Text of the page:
Dental Health and Hear disease

The Link Between Dental Health and Heart Disease

Team Dental Health

More than 80 percent of Americans are living with some form of gum disease, which often goes unnoticed and untreated. Yet an increasing body of research shows that oral health has a tremendous impact on overall physical health. In fact, there is now evidence of a strong link between dental health and heart disease. Here is what you must know.

What Is the Connection?

The connection between oral health and heart disease appears to be due to bacteria. It is possible for bacteria in the mouth to spread through the blood stream to other parts of the body. If they reach the heart, the bacteria can attach to virtually any area and cause inflammation. Endocarditis, or an infection of the heart’s inner lining, as well as clogged arteries and even stroke have all been linked to inflammation from bacteria that originated in the mouth.

Who Is at Risk?

Patients with unmanaged chronic gum conditions such as gingivitis or advanced gum disease are at the highest risk, as the bacteria associated with gum infection can easily enter the blood stream. Even if your gums are not noticeably inflamed, though, accumulated plaque or tartar can also increase your risk. In some cases, oral bacteria in the blood stream can cause elevated C-reactive protein, a marker for inflamed blood vessels that can increase your risk of heart disease or stroke.

Signs of Gum Disease

Although early stage gum disease does not always cause noticeable symptoms, if you have any of the following signs, you should see your dentist right away:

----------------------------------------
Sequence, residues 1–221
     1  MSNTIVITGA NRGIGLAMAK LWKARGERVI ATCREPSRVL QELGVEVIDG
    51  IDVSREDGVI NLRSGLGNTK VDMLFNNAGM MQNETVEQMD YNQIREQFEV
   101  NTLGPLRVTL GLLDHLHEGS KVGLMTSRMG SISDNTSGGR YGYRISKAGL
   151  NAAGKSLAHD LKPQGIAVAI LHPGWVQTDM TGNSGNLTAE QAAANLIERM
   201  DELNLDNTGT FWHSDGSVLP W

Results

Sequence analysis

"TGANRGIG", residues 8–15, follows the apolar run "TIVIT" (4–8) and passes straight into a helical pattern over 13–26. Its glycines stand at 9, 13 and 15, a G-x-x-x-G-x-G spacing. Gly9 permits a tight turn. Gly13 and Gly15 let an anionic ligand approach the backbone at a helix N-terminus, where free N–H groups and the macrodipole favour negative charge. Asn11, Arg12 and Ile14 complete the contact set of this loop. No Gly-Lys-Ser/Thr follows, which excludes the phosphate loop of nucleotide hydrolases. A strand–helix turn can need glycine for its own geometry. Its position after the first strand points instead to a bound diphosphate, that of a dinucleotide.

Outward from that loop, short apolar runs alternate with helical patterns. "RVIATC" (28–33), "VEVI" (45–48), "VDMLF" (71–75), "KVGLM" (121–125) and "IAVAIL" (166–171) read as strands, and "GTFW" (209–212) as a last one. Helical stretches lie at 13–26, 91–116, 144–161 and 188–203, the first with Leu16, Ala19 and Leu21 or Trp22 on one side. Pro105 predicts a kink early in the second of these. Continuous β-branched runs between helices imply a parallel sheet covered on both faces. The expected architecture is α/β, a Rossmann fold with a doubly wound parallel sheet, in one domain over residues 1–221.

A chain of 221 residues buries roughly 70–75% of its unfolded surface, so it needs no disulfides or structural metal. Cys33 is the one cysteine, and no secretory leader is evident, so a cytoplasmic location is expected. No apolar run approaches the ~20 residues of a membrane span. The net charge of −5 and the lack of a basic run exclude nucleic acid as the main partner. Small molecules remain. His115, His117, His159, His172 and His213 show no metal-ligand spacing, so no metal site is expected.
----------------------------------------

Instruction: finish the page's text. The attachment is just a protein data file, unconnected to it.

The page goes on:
• Red, swollen, or sore gums
  • Bleeding gums when eating, brushing, or flossing
  • Pus or other signs of infection in your mouth
  • Gums that appear to be "pulling away" from your teeth
  • Frequent bad breath or bad taste in your mouth
  • Loose or shifting teeth


Strong oral hygiene routines and regular dental exams are the best protection against gum disease. Brush twice per day with a soft-bristled toothbrush that easily reaches all surfaces of your teeth. Always use an American Dental Association (ADA) approved toothpaste. Floss at least once per day, and see your dentist twice per year for a professional cleaning and exam.

Gum disease is a widespread problem in the United States. Untreated, it could lead to a variety of physical health issues, including raising your risk for heart disease. Taking proactive steps to keep your teeth and gums clean and healthy is a relatively simple way to protect both your smile and your overall health.

Dr. Jamrozek is a respected dentist located in West Milford, MA, who is an advocate of pain-free dentistry. If you are ready for a trustworthy, professional, and caring dentist in West Milford, we invite you to make an appointment today at 973-728-3779.